|11. What is the Evidence for the Role of Audits to Improve the Quality of Obstetric Care|
In general, all three broad dimensions of health care (structure, process and outcome) can be audited. Structure refers to the question: what facilities, equipment, staff etc. were there, process implies what was done to the patient and outcome questions what was the result for the patient in terms of mortality, morbidity or patient satisfaction. The number of potential topics for audit is virtually unlimited and the choice will largely depend on the local relevance of and the extent to which the problem can be successfully tackled. Clinical concern is undoubtedly the most important factor as it is unlikely that the audit group will develop sufficient enthusiasm for topics that they do not perceive as clinically relevant (Crombie et al . 1997).
Adverse outcomes, particularly mortality, have been the focus of obstetric audit for many years. One of the best known examples of audit, the Confidential Enquiries into Maternal Deaths, was primarily concerned with avoidable maternal mortality (Department of Health and Social Security 1982). The Confidential Enquiries, introduced in England in 1952, involve a systematic review of all maternal deaths and are aimed at identifying instances of unsatisfactory management in order to make recommendations for improvements in clinical care and service provision. The aggregate analysis is published at regular intervals (every three years in the United Kingdom) and includes an independent assessment of the nature of and the frequency with which substandard care was present. National or regional enquiries into maternal deaths have now been put into place in many countries, as are national or regional enquiries into stillbirths, neonatal or perinatal deaths (De Reu et al. 2000, Richardus et al. 1997, Bouvier-Colle et al. 1995, Mancey-Jones 1997). Because perinatal deaths are much more common than maternal deaths, they are also seen as a useful topic for obstetric audit at facility level (Mancey-Jones 1997, Ward et al. 1995).
In recent years, cases of severe acute maternal morbidity have emerged as a promising alternative to the investigation of maternal deaths. In particular, cases at the very severe end of the morbidity spectrum, the so-called near misses, are seen as a useful outcome measure for the evaluation and improvement of maternal health services (Stones et al. 1991, Filippi et al. 1996, Baskett & Sternadel 1998, Mantel et al. 1998). Severe obstetric complications have the advantage over maternal deaths in that they are more common and possibly less threatening to providers than deaths, and since the woman survives she can be interviewed about the care she received. The latter is important as it reveals aspects of quality of care such as patient satisfaction, that may otherwise be overlooked. However, unlike maternal deaths, severe obstetric morbidity is not so easy to define. Obstetricians may not agree on common criteria of severity and in most countries, severe cases are defined on the basis of management rather than clinical criteria. For obstetric morbidity to become a useful topic for audit, much more work needs to be done in the search for precise and reliable criteria of severity (Filippi et al. 1996, Ronsmans & Filippi 2000).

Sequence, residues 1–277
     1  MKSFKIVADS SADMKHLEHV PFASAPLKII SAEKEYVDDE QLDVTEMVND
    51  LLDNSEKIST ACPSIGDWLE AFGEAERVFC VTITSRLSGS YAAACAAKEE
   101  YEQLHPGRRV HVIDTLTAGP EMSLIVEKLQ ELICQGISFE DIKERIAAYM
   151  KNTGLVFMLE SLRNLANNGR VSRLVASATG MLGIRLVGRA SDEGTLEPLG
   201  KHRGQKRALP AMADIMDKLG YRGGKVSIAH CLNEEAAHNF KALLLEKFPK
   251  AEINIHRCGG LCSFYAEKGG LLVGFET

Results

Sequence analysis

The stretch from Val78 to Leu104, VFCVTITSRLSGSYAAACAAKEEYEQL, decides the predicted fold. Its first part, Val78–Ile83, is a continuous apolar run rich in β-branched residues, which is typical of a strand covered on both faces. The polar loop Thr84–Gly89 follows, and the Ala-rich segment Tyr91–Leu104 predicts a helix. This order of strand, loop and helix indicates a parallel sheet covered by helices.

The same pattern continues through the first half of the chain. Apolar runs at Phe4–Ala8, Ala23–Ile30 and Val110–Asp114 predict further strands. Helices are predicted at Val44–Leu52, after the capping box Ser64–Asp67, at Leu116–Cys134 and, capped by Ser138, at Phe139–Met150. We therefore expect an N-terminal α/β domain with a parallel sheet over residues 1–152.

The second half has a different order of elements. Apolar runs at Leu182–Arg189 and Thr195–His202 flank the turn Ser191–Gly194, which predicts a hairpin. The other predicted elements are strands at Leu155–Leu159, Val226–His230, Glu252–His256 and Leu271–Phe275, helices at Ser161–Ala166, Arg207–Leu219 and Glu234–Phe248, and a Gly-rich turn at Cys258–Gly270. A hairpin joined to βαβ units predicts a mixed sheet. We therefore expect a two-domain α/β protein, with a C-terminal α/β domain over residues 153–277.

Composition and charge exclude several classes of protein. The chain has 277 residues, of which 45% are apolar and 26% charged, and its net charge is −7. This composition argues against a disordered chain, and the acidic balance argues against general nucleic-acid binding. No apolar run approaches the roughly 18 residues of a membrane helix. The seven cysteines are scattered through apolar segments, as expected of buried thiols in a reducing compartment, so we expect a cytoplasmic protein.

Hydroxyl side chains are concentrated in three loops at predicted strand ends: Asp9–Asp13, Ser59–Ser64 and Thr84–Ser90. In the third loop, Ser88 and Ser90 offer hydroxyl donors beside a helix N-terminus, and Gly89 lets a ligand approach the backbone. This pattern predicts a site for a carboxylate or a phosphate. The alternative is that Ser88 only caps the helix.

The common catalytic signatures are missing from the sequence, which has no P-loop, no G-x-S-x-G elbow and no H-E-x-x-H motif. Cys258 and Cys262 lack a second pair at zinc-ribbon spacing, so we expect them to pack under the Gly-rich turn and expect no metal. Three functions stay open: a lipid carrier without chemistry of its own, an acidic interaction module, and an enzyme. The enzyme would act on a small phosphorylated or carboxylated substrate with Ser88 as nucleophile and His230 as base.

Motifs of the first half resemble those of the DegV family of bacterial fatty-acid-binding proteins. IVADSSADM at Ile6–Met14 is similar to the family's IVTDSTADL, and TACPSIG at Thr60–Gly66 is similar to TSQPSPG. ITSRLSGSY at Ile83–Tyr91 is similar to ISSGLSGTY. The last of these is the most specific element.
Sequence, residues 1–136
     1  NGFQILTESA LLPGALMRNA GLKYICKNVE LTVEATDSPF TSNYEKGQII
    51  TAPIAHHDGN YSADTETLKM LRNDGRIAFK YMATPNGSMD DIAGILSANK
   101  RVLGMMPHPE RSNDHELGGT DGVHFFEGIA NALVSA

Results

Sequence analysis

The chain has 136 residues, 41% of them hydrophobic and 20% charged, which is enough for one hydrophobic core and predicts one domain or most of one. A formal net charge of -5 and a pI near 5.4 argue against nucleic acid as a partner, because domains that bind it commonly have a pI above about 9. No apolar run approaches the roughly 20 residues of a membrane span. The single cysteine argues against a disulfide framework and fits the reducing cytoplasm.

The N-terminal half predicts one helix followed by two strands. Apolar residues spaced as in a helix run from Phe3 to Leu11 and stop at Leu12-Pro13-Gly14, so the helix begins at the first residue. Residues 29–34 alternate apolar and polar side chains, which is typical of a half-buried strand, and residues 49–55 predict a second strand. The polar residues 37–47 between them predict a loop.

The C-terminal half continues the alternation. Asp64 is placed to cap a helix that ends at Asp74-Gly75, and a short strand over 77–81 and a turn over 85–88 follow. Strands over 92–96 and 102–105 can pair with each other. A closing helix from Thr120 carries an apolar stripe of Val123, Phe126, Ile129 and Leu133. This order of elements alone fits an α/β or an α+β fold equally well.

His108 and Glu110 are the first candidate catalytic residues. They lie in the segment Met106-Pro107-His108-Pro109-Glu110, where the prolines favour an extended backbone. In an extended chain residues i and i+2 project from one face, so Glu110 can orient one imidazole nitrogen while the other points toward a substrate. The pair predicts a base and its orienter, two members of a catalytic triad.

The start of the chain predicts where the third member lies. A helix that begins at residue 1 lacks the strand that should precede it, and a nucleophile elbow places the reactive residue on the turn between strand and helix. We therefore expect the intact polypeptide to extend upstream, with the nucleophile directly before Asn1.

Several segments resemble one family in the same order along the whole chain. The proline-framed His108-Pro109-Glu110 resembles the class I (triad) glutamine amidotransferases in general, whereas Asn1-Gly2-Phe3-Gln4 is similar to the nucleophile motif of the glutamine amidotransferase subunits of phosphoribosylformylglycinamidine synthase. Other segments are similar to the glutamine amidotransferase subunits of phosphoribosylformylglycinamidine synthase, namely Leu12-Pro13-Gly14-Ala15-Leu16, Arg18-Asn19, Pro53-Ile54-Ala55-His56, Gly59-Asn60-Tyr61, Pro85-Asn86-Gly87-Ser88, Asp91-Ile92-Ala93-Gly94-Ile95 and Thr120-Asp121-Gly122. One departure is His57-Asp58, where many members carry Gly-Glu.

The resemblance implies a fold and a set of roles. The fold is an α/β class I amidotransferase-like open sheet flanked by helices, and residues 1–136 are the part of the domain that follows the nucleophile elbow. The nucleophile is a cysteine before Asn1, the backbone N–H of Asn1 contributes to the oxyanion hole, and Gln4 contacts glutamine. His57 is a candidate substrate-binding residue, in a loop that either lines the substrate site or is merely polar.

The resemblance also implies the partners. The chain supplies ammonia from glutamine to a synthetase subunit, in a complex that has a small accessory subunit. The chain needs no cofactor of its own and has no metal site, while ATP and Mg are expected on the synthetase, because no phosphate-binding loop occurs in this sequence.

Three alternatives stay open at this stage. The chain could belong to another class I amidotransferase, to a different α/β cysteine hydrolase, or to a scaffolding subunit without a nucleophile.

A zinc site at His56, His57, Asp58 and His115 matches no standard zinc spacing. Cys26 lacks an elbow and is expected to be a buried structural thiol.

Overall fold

Other than mortality and morbidity, the most common type of audit is that of process, examining what was done to the patient in terms of investigations, diagnosis and treatment. The numbers of examples of process audits are endless, and only a few are listed here. One of the most prominent examples of process audit in obstetric care is that of caesarean sections. The widely observed increasing trends in caesarean section rates has been a cause for concern, and multiple investigations have compared the clinical indications for caesarean sections across regions or hospitals (Barrett et al. 1990, Rosenberg et al. 1982, Opit & Selwood 1979). Audit might then be used, for example, to set a desirable rate of caesarean sections in a particular type of health facility or to reduce the number of caesarean sections for specific indications, such as in women with a previous caesarean section (Joffe et al. 1994, Lomas et al. 1991). Other examples of processes of care that have been the subject of audit include the mode of delivery in breech presentations (Healey et al. 1997, Biswas & Johnstone 1993), the use of magnesium sulphate for the treatment of eclampsia (Taylor et al. 1998), and the use of a prostaglandin vaginal gel for induction of labour (Somerset et al. 1995). Clearly, all these processes represent clinically important problems. Whether or not they are a useful topic for audit largely depends on the willingness and enthusiasm of those involved in the audit to tackle the deficiencies that may emerge as a result of the review.